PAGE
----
By Maksim Yeniseyev
TASHKENT/ASTANA -- Friendly policies pursued by Kazakhstan and Uzbekistan's presidents have been boosting trade and cultural relations in recent months, say officials and analysts.
Uzbekistani President Shavkat Mirziyoyev made better relations with his country's neighbours a priority after taking office last year.
"During the first quarter of 2017, we saw an increase in business relations in various sectors," Kazakhstani President Nursultan Nazarbayev said during a summit with Mirziyoyev in South Kazakhstan Province April 29, according to Mirziyoyev's press office. "During the first three months of 2017, trade grew by 37%."
Trade between the two countries fell somewhat in 2016 to $2 billion (7.5 trillion UZS), according to data released during a February session of the two countries' joint inter-governmental commission. In 2015 it had been slightly above $3 billion (11.4 trillion UZS).
"Trade between the two countries has not reached its full potential ... You rarely run into Kazakhstani goods on [Uzbekistani] shelves," Shukurullo Mavlonov, an economist from Tashkent, told Caravanserai.
Mindful of the benefits of greater economic co-operation between countries that have a combined population of almost 50 million, Mirziyoyev and Nazarbayev during an April 24 phone conversation agreed on increasing annual trade to $5 billion (18.8 trillion UZS) in coming years, according to Mirziyoyev's press office.
The two leaders consider economic development and higher standards of living key factors in fighting terrorism and radicalism, Caravanserai previously reported.
To catch up with lost opportunities, Uzbekistani businesses are actively exhibiting their products in Kazakhstan.
On May 12-13, 230 Tashkent manufacturers attended a trade fair in Shymkent, Kazakhstan, and signed a memorandum of co-operation between Tashkent and Shymkent, according to the Uzbekistani Chamber of Commerce and Industry.
As part of the deal, South Kazakhstan Province established 11 industrial zones to accommodate joint projects. The province accounts for almost 30% of Uzbekistani-Kazakhstani trade.
"I export Uzbekistani-made men's clothing all across CIS states but not to Kazakhstan," Ilyos Tursunov, a businessman from Tashkent, told Caravanserai. "With relations warming up between our countries, I am seriously considering this market."
Tax benefits or free trade zones will help Uzbekistani businesses succeed in Kazakhstan, he said.
Another testament to improving relations is expected to come soon, when the countries re-open a long-closed section of the M-39 highway.
The road fell victim to worsening relations after the Soviet collapse in 1991, with the disputed section closing in 2006.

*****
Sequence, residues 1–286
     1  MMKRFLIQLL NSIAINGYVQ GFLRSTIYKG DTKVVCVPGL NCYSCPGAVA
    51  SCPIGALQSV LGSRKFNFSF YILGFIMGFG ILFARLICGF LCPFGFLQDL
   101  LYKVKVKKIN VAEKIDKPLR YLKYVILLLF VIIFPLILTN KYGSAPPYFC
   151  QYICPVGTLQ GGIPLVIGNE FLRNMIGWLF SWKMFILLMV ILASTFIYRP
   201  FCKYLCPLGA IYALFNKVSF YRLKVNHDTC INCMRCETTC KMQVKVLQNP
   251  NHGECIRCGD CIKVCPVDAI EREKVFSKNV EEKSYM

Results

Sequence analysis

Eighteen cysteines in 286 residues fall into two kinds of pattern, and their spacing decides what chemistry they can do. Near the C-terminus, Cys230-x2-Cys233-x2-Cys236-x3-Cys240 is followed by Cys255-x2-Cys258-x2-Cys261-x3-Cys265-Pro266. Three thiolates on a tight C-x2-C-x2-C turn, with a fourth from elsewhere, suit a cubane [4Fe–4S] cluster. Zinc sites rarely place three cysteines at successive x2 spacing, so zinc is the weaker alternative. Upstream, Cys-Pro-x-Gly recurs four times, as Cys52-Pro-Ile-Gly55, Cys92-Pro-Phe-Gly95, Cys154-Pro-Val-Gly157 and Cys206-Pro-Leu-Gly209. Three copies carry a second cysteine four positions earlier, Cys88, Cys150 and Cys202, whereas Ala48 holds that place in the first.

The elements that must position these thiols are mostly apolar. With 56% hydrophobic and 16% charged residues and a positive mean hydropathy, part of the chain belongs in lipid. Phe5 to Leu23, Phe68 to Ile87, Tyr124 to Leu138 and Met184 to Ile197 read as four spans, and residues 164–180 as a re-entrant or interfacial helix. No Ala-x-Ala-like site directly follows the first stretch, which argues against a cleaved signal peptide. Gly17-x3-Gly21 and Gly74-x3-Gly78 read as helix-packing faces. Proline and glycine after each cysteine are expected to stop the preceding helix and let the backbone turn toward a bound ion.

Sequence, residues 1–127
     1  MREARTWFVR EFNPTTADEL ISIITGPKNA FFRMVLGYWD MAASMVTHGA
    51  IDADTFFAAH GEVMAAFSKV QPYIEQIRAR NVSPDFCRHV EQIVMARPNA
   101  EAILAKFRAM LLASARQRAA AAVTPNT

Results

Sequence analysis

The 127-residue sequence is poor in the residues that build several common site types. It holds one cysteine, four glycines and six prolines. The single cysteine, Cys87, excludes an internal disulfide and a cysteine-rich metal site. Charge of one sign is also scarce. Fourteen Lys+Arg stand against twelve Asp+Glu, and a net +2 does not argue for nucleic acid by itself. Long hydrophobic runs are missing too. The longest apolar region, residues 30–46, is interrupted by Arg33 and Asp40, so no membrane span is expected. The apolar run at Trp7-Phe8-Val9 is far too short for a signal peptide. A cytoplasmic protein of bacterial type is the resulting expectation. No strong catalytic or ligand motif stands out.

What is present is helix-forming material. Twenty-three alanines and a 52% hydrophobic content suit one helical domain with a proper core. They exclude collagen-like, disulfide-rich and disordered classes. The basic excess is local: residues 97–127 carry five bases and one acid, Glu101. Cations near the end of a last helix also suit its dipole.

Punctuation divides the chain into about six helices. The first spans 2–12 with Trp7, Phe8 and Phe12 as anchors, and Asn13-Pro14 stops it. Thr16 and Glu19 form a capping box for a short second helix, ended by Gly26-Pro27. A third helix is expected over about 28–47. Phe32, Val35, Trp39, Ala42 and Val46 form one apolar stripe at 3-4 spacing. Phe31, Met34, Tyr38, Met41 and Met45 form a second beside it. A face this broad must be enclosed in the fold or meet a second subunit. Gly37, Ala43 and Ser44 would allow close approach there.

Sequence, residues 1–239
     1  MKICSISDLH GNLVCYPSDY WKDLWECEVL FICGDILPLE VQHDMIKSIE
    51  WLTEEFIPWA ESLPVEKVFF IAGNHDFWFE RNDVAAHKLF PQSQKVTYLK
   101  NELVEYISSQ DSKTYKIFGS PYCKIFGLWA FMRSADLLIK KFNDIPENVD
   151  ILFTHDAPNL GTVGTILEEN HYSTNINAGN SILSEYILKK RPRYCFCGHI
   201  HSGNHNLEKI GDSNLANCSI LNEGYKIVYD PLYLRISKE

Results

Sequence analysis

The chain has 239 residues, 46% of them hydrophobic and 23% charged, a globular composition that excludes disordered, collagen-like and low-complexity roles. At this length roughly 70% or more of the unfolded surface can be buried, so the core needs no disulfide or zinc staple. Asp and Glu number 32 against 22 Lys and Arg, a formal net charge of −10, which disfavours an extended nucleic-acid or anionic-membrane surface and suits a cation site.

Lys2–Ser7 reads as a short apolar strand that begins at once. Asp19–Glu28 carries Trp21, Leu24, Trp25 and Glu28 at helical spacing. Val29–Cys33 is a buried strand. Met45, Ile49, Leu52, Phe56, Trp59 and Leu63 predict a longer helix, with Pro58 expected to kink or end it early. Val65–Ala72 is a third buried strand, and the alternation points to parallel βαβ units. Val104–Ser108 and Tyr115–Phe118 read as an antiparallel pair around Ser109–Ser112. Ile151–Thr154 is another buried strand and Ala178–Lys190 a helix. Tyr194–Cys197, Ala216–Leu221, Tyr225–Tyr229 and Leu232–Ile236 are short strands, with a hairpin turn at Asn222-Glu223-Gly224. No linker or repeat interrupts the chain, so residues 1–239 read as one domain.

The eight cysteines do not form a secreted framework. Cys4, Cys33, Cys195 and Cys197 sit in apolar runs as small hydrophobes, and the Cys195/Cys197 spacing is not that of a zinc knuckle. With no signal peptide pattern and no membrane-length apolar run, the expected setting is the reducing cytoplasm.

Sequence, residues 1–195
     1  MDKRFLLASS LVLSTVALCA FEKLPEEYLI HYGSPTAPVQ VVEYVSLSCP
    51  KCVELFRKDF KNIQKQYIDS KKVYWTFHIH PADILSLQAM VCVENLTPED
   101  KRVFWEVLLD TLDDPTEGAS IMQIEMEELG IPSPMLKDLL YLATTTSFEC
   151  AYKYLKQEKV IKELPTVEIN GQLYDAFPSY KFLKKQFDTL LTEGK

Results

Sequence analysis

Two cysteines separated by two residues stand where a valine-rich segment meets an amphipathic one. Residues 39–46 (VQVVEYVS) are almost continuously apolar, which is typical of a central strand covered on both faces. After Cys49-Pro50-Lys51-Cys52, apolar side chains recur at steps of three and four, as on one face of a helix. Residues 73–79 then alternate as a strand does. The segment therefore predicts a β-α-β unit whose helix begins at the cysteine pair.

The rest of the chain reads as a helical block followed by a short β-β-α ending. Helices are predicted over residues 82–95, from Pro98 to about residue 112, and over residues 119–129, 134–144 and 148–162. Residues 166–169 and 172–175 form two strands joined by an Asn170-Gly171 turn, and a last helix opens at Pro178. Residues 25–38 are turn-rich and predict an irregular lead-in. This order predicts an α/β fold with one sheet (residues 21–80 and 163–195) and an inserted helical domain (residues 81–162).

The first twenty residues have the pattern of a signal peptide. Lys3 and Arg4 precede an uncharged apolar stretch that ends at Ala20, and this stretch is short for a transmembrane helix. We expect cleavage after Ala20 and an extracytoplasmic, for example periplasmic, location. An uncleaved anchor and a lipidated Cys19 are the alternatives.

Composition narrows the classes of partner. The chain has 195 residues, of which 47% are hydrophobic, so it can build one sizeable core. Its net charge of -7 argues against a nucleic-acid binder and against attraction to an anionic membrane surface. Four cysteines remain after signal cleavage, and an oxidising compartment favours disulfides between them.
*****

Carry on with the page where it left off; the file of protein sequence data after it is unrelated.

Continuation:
A piece of Kazakhstani territory, Maktaaral District, sits on M-39 between the major Uzbekistani cities of Tashkent and Samarkand. Uzbekistani drivers who in Soviet times passed through Maktaaral without difficulty found themselves having to undergo Kazakhstani border inspections between two Uzbekistani cities.
Since the M-39 section closed in 2006, Uzbekistani motorists have been forced to use a 70km-long bypass road that stays in Uzbekistani territory and circles around Maktaaral District.
Once M-39 fully re-opens, "Samarkand will be closer, and we will be able to save almost an hour of travel time," Dovlat Sobirov, a driver from Tashkent, told Caravanserai.
The governments are encouraging people-to-people links too, aware of the large diasporas each country contains. According to official statistics from both sides, 808,000 ethnic Kazakhs live in Uzbekistan and 548,000 ethnic Uzbeks in Kazakhstan.
On May 2-6 a "Caravan of Friendship" from South Kazakhstan Province visited Uzbekistan. Fifty aksakals (elders) made a pilgrimage to the graves of Central Asian historic figures venerated in Kazakhstan. They also visited cultural sites in Tashkent, according to the South Kazakhstan Province government press office.
"This is the second 'Caravan of Friendship', but last time, five years ago, it took place only in Turkestan city [in Kazakhstan]," Guli-Rano Rasulova, deputy chairwoman of the South Kazakhstan Provincial Uzbek Ethnocultural Association, told TV channel TVK May 3. "This time it's taking place on a provincial scale."
"Crossing the border was difficult," Tashkent resident Abduvali Sulaimanov of Tashkent told Caravanserai, recalling the chill that set in after 1991. "There were long lines and unfriendly border guards. But everything has changed."